Go inside the worlds of art, fashion, design, and lifestyle.
Cesar Baldaccini, known simply as César, is sometimes looked at as France’s answer to Andy Warhol. Celebrated as a pop artist, Cesar founded the Nouveaux Realiste group that paralleled the American Pop Art movement in the United States. The Nouveaux Realiste group included artists such as Yves Klein, Jean Tingeulu, Christo, Martial Rayasse, and Arman, just to name a few.
For the first time in 50 years César is exhibiting in the United States. “Cesar” at Luxembourg & Dayan in New York comprises 24 works that span the artist’s half-century career.
The show features examples from the “Compression,” “Human Imprint,” and “Expansion” series, as well as the Venusian iron sculpture Torso on loan from the collection at the Museum of Modern Art. “César” focuses in particular on the works from the 1960s and 1970s, where the artist challenged notions of classical and conceptual sculpture using postwar industrial materials.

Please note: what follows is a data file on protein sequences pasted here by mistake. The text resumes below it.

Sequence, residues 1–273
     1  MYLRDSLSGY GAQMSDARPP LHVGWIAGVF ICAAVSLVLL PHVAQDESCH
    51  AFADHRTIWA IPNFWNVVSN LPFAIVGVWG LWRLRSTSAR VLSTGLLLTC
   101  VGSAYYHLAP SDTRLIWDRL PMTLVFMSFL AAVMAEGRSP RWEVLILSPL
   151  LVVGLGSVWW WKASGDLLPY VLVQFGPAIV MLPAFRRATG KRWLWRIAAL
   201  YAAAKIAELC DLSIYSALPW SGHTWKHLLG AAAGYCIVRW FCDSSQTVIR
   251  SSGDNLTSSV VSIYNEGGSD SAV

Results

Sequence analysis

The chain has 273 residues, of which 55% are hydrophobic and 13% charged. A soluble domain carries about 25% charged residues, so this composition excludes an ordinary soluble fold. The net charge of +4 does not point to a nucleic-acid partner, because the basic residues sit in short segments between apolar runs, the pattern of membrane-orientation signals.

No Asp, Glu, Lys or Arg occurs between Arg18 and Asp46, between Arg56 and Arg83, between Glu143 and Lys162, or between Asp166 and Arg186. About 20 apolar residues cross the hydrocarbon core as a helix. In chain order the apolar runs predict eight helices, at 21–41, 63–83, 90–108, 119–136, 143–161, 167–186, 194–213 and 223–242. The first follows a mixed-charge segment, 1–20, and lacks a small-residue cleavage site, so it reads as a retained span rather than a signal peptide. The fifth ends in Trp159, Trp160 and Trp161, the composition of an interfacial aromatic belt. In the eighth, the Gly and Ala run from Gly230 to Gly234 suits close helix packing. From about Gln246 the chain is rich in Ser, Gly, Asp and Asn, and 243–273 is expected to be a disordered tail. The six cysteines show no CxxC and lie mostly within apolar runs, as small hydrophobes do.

César was born to Italian immigrants in the Belle de Mai quarter of Marseilles and enrolled in the École des Beaux-Arts in the early 1940s. It was here where his interest in welding technologies began. He experimented with sculpture influenced by postwar modernity, first with humanoid forms and eventually with his compressed squares, which were inspired by a nearby scrap metal factory.
The introduction of new materials such as polyurethane in the 1960s led César to expand his investigation of technology and space. The Expansion series is the result of this, as using these materials César was able to choose the tint and shape of his creations, which expanded and set in formations that were unfathomable before.
In conjunction with the New York exhibition, Lanvin creative director Alber Elbaz is paying tribute to the esteemed artist by displaying three of his monumental sculptures in front of the Lanvin flagship on the rue du Faubourg Saint-Honoré.
“César” will be on display at Luxembourg & Dayan until January 18, 2014.